Bishop Peter Brain Reflection 78: Gospel lenses and our mental health.

REFLECTIONS & ENCOURAGEMENTS: understanding and growing through the covid-19 challenge.

Bishop Peter Brain Reflection 78: Gospel lenses and our mental health.

The number 78 plays a special part in my mind. I remember the Saturday well – at Lindfield oval, playing Bexley in the Municipal and Shires B grade I made my best ever score. Yes it was 78. It was the day after I got my glasses. I could not believe how big the cricket ball was! Of course it was the same size, but I could see clearer than ever!

It was probably about then that my eyes were opened by the Holy Spirit and I certainly could understand why Jesus had come and why it just made sense to join His team. A whole new way of viewing the world, myself, the Bible, God’s people and God began to open up. The eye-opening adventure continues, and remains liberating.

The pandemic has been, and continues to be, a real challenge in many areas of life and increasingly so to our emotions and mental stability. Without being unsympathetic or to trivialise the real psychological pain of many, believers and unbelievers alike, our gospel glasses can ameliorate our anxieties, calm our fears and bring us comfort on the playing field of daily life. Here are some ways the gospel lenses have helped me and many others:

  1. Thankfulness would have to be on the top of my list. There is a proven increase in happiness when temporal gifts from God and kind acts of others are met with gratitude. Apart from being right [like paying the rent!] and honouring God, we are greatly helped as we draw closer to God in prayer for these and the unchanging gospel gifts. We are enriched and kept from envy, bitterness and Western entitlement-thinking. Gresham Machen puts it well, ‘By making God a sharer in the blessings he has given, these blessings do not separate us from him, but keep us all the more fully in his presence.’ Henri Nouwen’s words are likewise conducive to our health when he says, ‘Gratitude is the most fruitful way of deepening your consciousness that you are not an accident.’
  2. Realistic expectations are vital to healthy thinking. One saying, spoken by Jesus to his disciples on the eve of his crucifixion is like pure medicine for the soul. I have told you these things, so that in me you may have peace. In this world you will have trouble. But take heart! I have overcome the world.’[John 16:33]. Contrary to the flattering drivel dished up at school speech nights, the world is not our oyster, we are not the most important people in the world and we cannot expect to do anything [and absurdly, everything] we want to. It is a world full of trouble and its peace always short lived since it is linked to the pursuit of our own goals, often without thought for yours. Jesus’ promised peace is found in being at one with Him by repentance and faith [Rom 5:1-11], pursuing His agenda in sync with Him and others [Matt 11:28-30, 22:39] and, wonderfully, with the help of His gracious indwelling Spirit [Gal 5:22-23].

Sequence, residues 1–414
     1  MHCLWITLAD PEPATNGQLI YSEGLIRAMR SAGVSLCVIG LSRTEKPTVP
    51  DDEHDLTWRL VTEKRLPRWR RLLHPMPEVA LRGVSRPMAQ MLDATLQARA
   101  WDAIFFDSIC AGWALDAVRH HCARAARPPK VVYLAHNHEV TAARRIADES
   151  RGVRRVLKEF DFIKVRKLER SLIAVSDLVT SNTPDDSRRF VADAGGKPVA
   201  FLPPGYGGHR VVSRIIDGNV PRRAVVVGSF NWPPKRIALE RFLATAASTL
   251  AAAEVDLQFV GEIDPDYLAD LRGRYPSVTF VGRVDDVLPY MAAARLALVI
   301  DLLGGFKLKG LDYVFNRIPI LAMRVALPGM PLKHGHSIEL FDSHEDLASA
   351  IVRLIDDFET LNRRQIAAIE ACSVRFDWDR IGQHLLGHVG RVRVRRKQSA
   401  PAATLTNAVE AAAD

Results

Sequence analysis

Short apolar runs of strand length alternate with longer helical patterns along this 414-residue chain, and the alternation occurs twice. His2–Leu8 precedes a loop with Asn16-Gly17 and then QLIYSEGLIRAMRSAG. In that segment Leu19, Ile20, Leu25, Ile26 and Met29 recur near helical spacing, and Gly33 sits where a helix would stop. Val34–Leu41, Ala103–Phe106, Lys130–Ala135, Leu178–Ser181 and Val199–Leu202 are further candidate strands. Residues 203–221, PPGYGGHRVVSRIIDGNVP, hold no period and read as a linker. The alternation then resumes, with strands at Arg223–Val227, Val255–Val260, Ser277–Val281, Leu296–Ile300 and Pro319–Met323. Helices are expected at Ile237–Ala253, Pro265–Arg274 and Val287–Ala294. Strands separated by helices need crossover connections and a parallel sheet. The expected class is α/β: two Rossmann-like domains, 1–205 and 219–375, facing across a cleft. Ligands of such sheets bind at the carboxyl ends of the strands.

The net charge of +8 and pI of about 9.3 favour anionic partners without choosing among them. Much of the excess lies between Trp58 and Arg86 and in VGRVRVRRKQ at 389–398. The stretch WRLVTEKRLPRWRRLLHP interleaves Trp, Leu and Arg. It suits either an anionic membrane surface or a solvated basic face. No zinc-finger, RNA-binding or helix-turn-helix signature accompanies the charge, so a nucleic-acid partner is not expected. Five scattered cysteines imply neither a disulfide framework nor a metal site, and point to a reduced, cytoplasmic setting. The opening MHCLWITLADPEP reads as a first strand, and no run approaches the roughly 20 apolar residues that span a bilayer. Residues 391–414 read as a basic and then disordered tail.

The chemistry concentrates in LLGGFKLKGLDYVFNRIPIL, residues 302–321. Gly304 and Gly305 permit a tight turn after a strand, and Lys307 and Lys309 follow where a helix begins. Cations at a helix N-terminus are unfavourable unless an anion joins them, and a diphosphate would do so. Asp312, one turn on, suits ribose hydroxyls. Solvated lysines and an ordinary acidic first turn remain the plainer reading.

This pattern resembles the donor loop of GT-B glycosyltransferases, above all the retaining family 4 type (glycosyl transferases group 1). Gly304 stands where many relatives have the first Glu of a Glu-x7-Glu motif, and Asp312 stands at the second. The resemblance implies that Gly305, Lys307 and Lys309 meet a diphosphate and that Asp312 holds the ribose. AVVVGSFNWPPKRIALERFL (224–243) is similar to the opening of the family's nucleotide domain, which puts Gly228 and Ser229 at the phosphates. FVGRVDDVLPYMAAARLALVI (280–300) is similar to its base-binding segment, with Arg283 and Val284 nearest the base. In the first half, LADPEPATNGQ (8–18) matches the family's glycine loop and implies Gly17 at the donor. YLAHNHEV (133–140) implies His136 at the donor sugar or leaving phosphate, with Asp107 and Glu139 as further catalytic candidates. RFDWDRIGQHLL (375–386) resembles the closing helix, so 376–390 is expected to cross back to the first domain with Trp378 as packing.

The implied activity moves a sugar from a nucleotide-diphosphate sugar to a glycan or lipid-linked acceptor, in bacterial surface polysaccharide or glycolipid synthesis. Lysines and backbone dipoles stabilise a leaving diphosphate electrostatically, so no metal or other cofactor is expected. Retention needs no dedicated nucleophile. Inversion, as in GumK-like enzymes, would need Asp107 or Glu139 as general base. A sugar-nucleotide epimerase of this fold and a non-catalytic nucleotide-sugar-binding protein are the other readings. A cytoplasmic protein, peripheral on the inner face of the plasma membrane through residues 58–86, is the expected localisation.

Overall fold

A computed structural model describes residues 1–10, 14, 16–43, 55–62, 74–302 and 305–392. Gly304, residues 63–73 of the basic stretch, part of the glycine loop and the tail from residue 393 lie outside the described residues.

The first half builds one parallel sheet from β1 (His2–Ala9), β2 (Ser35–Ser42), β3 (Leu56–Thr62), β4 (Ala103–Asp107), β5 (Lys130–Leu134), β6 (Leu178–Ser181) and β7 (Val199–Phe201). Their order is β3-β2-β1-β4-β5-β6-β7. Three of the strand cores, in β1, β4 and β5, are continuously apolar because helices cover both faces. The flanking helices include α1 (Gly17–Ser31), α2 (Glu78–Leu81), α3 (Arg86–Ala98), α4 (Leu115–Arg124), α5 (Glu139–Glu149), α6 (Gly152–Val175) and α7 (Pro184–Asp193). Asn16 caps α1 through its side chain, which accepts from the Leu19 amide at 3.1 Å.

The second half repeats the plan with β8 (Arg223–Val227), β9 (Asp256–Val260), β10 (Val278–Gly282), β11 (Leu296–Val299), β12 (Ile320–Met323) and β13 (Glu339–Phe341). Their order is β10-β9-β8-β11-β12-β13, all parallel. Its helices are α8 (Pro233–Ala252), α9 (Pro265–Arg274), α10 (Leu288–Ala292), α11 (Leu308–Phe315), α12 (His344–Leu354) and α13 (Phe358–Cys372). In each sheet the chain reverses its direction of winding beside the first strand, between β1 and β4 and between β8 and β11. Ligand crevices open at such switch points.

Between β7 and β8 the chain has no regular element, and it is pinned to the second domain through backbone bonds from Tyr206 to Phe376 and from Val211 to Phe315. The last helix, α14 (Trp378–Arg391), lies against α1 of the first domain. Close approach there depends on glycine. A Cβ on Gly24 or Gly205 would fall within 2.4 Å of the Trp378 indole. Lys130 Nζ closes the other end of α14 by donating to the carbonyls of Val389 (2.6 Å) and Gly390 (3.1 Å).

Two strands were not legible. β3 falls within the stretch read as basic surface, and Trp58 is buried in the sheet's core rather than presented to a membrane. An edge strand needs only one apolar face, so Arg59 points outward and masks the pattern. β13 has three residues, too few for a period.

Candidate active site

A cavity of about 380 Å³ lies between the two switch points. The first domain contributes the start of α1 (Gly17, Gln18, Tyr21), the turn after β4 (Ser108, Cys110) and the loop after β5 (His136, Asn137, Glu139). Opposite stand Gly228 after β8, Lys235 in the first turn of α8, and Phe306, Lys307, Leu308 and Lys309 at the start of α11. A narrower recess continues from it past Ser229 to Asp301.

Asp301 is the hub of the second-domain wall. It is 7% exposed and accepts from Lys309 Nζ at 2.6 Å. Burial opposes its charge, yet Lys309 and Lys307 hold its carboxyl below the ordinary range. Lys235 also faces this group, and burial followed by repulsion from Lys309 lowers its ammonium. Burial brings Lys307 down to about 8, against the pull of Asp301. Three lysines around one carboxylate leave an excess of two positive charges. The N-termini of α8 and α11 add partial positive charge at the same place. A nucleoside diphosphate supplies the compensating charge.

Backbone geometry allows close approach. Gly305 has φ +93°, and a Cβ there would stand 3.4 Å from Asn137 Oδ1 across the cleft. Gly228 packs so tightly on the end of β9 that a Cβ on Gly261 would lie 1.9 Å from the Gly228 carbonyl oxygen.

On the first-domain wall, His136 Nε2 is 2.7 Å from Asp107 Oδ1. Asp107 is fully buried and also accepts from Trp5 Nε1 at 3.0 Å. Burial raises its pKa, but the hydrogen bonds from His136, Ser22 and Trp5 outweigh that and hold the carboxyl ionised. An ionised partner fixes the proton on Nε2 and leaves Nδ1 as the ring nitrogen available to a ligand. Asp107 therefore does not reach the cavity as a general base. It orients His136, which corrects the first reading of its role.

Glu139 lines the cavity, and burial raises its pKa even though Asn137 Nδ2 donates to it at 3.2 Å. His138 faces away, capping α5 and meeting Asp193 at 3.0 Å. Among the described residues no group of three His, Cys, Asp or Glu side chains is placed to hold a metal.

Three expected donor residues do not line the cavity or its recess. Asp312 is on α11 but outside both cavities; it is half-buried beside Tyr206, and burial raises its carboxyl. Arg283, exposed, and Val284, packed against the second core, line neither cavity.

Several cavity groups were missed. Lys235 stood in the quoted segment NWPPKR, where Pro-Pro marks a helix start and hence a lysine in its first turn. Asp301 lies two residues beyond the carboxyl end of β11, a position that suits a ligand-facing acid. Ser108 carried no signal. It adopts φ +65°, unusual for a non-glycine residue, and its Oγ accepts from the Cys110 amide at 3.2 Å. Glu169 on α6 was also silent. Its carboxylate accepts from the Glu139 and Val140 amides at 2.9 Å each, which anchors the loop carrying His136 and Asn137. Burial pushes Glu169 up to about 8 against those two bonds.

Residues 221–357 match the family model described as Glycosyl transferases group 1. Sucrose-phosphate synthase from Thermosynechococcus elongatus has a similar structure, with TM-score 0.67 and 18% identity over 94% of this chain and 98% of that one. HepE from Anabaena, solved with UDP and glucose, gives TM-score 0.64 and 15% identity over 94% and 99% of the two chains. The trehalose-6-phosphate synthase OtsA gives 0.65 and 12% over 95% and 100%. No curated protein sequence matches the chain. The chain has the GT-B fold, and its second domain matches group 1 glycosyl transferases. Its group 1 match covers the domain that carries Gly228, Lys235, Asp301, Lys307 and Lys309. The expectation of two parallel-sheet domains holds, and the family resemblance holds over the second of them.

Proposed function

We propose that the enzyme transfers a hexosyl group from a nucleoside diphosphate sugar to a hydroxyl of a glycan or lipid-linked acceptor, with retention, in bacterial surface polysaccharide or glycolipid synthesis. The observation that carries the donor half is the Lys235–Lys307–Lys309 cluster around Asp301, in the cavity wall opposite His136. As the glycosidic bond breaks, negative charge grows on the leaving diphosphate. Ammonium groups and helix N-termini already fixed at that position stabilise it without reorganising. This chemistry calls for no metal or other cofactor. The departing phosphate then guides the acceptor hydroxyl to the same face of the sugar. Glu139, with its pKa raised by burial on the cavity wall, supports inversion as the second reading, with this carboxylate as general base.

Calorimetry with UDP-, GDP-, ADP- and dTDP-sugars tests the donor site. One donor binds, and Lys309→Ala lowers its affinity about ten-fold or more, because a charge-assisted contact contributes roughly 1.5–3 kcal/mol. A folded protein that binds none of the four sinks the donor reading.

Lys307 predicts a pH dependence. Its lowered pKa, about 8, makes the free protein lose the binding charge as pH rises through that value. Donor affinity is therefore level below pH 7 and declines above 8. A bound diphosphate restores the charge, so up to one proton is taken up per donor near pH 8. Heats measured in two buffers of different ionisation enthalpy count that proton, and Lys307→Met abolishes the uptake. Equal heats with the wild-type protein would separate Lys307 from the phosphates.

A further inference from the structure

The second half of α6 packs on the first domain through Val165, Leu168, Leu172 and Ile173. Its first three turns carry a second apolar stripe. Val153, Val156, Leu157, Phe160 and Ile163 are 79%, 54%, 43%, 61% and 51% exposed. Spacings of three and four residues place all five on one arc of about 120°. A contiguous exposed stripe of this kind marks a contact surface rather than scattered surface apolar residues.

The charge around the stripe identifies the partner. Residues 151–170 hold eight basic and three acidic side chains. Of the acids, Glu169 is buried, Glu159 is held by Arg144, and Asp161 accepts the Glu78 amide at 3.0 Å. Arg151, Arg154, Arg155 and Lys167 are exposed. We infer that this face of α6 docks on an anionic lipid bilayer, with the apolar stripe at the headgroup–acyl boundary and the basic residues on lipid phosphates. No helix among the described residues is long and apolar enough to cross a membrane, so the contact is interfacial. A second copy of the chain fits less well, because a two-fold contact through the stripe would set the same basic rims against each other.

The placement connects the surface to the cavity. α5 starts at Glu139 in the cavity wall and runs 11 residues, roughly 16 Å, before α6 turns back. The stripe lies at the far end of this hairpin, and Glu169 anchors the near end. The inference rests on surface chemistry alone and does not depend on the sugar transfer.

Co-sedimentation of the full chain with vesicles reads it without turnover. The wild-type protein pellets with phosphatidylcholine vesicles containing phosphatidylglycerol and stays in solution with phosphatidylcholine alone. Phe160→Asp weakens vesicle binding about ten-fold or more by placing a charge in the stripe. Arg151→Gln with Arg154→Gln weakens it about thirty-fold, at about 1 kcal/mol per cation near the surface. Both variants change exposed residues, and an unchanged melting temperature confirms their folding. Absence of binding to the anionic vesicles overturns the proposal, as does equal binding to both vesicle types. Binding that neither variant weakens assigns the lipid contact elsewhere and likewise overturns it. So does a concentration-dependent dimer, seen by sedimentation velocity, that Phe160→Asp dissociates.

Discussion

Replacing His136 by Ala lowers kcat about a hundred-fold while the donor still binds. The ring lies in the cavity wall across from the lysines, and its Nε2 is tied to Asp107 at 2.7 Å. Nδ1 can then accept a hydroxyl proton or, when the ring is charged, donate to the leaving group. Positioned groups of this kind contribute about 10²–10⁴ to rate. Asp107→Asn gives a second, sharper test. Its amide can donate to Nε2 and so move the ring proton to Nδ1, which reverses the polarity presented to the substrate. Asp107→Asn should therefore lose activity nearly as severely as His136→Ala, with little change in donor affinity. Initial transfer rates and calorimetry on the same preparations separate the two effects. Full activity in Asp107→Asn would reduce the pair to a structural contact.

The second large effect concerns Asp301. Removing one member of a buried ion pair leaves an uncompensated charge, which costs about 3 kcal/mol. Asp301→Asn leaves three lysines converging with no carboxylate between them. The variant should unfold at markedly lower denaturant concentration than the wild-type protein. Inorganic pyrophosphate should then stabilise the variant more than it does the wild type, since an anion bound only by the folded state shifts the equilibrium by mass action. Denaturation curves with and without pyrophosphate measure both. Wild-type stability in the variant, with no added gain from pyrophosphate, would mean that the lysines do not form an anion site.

3. Forgiveness was described by Leslie Weatherhead as ‘the most therapeutic idea in the whole world.’ Since we are all sinners, forgiveness is the only workable way for a voluntary society to work. Justice, whilst important, is of little use in finding the closure to tragedies and the bad behaviour of others. Justice may well be carried out, but inner peace can only come by leaving the offender in God’s hands and entrusting ours to Him as well. In small things, like holiday plans disrupted and income forfeited by lockdowns, little of lasting benefit is gained by blaming the government. Forgiveness does not mean we agree with another’s actions but it is the God- given mechanism that will enable us to move on from bitterness and prevent slander or revenge from compounding our problems. This is why Jesus was so strong in His words and example in regard to forgiveness [Matt 6:9-15, 18:21-35 and Luke 23:34].
  4. There is great comfort in promises like ‘cast all your anxiety on Him because He cares for you’ [1 Peter 5:8] and ‘let us approach the throne of grace with confidence’ [Heb 4:16]. God’s invitation is remarkable, in and of itself, but when taken to heart, and engaged in, brings the comforts our Father wants for each of his adopted children. What a friend we have in Jesus is medicine for the soul.
  5. God, our Father is lovingly sovereign in all things. The pandemic has shown us in the West what most others in the world know – that we are not really in control. Death and sickness should keep us from this folly of self-sufficiency, and the pandemic gift is an invitation to accept its reality. What a gift when we do! Of course we are to be wise and careful, but once we see that God is in control, crippling anxiety is kept at bay. Scripture becomes medicine for our souls and bodies. God works all things together for the good of those who love Him [Rom 8:28] is experienced as that comforting pillow for weary souls to lay their troubled minds [suggested by John Stott], since we accept that God’s good is not our ease or prosperity, but growth in Christlikeness [8:29]. The wonder of this grace is that the more our bodies run down the more our hearts are renewed [2 Cor 4:16-18], and the more we have to share [1:3-7].

Peter Brain 1st June, 2021

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